Linked by David Adams on Tue 2nd Aug 2011 21:56 UTC, submitted by _txf_
Legal Now that these kind of issues are starting to be mentioned by The Economist, NPR, The Guardian, and Forbes, are we at last at the point where the myth that patents universally encourage innovation finally being dispelled?
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RE[2]: The wrong question ...
by avih on Wed 3rd Aug 2011 02:43 UTC in reply to "RE: The wrong question ..."
avih
Member since:
2006-03-16

...
Another problem is that good ideas in software often is quite simple to grasp or explain. The really hard thing is to implement them, so even if you license a software patent you may need to do a lot of work yourself, even though you paid for using the idea.


I don't think that is the case. The hard part about ideas, whether in software or other fields, is conceiving them. Once you thought of a new paradigm, then explaining, implementing or copying it (if you're exposed to the idea) is relatively simple, give or take.

The problems with patents now-days, IMO, are:

1. Where to draw the line between trivial ideas (Amazon's one click purchase patent comes to mind) which shouldn't be patentable, and real innovative concepts/processes which should be protectable.

2. The extent of protection granted by current laws over "IP" in general (controversial term).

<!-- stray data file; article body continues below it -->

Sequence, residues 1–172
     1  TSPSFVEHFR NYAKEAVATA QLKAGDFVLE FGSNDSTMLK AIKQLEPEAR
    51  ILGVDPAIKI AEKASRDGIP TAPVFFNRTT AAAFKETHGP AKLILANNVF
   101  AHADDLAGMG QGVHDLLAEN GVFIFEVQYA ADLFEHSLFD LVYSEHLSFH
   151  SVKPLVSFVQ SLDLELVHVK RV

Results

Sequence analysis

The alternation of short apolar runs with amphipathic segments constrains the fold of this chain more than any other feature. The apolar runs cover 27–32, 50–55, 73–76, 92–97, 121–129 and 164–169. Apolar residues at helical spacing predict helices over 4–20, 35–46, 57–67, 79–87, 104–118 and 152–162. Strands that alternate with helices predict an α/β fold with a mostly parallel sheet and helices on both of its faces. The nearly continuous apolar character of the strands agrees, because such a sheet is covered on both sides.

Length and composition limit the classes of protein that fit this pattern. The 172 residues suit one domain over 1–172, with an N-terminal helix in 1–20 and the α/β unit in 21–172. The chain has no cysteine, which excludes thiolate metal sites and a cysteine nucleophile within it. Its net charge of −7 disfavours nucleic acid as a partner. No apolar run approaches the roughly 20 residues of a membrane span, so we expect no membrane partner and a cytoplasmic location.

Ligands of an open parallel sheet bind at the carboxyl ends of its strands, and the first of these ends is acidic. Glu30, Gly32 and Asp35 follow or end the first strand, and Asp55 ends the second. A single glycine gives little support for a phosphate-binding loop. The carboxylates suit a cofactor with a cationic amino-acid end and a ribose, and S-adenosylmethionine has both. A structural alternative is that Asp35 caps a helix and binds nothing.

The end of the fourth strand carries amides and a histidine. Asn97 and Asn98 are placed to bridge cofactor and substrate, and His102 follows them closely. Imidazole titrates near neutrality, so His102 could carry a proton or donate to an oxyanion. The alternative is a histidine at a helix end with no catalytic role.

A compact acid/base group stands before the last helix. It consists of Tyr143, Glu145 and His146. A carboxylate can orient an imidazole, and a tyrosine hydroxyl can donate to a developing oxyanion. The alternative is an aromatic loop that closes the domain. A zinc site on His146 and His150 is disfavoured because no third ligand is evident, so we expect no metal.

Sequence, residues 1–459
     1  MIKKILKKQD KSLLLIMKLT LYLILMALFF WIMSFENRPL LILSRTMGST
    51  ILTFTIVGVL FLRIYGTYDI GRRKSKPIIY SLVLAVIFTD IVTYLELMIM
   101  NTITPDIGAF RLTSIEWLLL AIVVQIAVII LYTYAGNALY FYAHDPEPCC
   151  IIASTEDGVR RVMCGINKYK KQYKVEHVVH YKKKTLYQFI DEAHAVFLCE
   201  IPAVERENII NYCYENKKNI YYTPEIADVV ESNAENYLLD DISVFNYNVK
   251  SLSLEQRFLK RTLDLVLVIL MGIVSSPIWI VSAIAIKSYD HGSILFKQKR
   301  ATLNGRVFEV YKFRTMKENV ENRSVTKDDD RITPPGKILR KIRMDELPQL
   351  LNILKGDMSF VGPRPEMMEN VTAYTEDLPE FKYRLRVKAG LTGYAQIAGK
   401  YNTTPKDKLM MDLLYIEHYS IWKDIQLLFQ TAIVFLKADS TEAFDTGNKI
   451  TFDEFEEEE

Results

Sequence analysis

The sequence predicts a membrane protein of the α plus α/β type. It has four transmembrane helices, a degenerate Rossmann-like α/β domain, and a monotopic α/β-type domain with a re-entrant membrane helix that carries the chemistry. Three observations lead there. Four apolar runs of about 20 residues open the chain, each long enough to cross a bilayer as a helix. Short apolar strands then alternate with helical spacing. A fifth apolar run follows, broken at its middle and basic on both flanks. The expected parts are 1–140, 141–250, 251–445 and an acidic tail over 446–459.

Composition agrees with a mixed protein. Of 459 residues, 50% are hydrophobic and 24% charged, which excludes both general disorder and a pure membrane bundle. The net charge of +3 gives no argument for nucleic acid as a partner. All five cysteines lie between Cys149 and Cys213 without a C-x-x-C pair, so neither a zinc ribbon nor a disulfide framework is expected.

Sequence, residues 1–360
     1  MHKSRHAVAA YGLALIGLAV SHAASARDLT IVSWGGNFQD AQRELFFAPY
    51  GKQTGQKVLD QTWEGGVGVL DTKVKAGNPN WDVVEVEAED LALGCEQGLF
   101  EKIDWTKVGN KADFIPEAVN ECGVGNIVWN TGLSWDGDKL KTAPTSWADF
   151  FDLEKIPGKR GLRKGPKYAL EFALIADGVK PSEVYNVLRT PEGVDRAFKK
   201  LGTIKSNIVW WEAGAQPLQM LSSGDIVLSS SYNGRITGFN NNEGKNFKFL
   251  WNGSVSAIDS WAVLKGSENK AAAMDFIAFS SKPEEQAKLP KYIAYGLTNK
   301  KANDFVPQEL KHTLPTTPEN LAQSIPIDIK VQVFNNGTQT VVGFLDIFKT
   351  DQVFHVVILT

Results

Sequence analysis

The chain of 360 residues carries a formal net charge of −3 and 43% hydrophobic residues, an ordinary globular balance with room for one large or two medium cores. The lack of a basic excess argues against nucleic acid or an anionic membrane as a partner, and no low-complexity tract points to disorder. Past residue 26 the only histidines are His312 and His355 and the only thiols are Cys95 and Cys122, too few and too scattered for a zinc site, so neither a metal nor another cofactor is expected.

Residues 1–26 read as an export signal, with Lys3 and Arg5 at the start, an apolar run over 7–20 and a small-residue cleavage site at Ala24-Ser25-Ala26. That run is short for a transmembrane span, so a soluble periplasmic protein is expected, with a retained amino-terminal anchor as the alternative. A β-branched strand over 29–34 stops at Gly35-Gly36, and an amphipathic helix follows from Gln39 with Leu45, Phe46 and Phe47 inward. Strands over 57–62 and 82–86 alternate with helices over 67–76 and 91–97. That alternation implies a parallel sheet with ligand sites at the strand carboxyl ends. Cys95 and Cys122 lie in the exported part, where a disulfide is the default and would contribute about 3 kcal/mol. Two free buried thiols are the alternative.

3. The fact that these days, patents are collected, traded and mostly used as bargaining chips or simply as a way to hurt competitors, regardless if the patent owners have real products which implement the patented system (esp. together with point 1 above)

And, as a result,

4. The fact that at the current patents landscape, it's practically impossible to develop something new without stepping over existing patents (see previous points), which will only reveal themselves after the developer/s feel they've established a profitable business, and even if the product was developed independently.

And this makes any development which isn't backed by a massive financial entity, an extremely risky business.

It's point 4 which really sucks and really hurts innovation by non corporate entities (read: small businesses).

PS.
This new DVDto50M codec? probably infringes dozens of patents, and probably much more...

Edited 2011-08-03 02:50 UTC

Reply Parent Score: 4

unclefester Member since:
2007-01-13

The hard part about ideas, whether in software or other fields, is conceiving them. Once you thought of a new paradigm, then explaining, implementing or copying it (if you're exposed to the idea) is relatively simple, give or take.


Tell that to a civil or mechanical engineer and they will laugh in your face.

Many things are exceptionally easy to conceive yet essentially impossible to implement (eg glass submarines). Mechanical clocks and watches have had very little increase in accuracy in the last 100 years despite thousands of highly creative patents by absolutely brilliant engineers and watchmakers.

Reply Parent Score: 3

unclefester Member since:
2007-01-13

In the case of bridges and other large structures the trickiest part is usually not designing the structure but working out the best way to build it.

The Sydney Opera House is a worthy case study into the sometimes extreme difficulties of converting a very simple design into a functional building. [Basically it proved to be a leaky, massively over-budget construction nightmare with appalling acoustics.]

Reply Parent Score: 2